The other evening I was browsing through old books and periodicals when I stumbled across an article on Almack’s in “The Illustrated London News,” 1843. The text was hopelessly blurred and had run off the edge of the scanner. I lowered my screen resolution, squinted at my monitor and tried to transcribe some of the article, putting question marks where the text was lopped off.
This was the best I could do:
The plan of the establishment [Almack’s] is briefly as follows. To the left of the entrance-hall is a spacious supper-room, with orchestra-gallery, &c; it is tastefully decorated and to give stability to the dancing salon above, are several supports, in the picturesque forms of palm-trees. From the hall, you ascend by a handsome stone staircase to the suite of rooms, four in number, an anti-room, tea-room, and the ball-room, to the right of which is a large card-room. The ball-room is one of the most spacious salons in the metropolis, its dimensions being about 100 feet in length, ? feet in width; it is chastely coloured – white and straw, relieve ? and medallions of classic design; the draperies are blue ? and the vast apartment, when fully illuminated (with 500 wax lights) has a most brilliant appearance. The greatest number of persons ever present in this room upon one occasion ? at 1700.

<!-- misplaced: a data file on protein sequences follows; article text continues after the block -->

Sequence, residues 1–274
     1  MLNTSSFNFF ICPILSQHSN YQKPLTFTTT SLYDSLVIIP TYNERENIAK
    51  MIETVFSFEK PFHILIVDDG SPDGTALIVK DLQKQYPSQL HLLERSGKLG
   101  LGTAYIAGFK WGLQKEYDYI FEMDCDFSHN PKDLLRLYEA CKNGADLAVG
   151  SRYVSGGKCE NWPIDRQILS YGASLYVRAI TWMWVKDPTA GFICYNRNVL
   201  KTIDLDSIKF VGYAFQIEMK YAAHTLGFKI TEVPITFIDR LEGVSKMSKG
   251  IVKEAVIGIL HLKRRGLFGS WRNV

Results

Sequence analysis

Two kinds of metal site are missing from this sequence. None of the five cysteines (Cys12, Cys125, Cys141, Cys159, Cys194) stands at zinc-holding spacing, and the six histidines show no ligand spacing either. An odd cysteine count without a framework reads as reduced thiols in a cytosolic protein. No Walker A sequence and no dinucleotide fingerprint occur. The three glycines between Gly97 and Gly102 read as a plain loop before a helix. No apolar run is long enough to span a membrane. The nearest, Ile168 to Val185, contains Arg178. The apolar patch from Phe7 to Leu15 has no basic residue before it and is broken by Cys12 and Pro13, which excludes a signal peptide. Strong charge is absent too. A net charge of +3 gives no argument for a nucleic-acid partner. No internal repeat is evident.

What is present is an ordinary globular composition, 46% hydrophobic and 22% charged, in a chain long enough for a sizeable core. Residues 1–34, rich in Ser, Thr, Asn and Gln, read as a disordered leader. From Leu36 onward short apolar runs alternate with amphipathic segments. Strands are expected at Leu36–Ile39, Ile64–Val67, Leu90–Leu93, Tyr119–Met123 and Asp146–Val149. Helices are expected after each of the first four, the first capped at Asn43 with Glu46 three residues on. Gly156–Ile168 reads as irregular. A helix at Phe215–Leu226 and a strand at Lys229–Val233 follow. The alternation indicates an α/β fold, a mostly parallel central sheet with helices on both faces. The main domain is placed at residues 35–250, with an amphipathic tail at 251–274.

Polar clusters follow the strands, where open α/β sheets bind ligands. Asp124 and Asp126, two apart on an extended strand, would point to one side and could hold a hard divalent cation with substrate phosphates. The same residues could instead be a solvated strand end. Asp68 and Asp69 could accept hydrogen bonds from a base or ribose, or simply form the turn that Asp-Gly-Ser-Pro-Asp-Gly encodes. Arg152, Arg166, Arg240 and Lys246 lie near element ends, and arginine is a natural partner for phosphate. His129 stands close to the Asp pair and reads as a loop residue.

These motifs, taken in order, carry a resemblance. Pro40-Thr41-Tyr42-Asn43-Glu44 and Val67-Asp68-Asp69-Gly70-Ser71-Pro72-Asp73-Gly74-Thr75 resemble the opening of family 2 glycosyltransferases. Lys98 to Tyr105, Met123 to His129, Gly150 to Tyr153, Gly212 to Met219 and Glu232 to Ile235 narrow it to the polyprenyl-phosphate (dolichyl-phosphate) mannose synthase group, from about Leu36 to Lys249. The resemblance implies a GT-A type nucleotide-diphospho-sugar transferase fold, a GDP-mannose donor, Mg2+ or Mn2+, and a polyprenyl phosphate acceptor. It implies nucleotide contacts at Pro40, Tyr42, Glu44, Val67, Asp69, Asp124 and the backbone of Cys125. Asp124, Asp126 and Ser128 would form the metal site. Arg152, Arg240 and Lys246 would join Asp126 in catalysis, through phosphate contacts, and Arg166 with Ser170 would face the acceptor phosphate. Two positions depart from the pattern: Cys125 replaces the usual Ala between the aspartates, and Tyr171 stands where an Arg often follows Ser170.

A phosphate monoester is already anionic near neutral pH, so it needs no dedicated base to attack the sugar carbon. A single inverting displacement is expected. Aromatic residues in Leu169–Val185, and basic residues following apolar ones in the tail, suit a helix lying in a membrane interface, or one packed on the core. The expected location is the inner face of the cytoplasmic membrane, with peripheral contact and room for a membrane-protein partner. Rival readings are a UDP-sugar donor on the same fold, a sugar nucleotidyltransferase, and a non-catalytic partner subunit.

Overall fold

Curiouser and curiouser. What did Almack’s really look like?
So, rather than do laundry, dishes or boring web work, I ran searches through old internet archives. And this is what I found:
From Club Life of London, by John Timbs, 1872
Almack’s large ball-room is about one hundred feet in length, by forty feet in width; it is chastely decorated with gilt columns and pilasters, classic medallions, mirrors, etc., and is lit with gas, in cut-glass lustres. The largest number of persons ever present in this room at one ball was 1700.
From Survey of London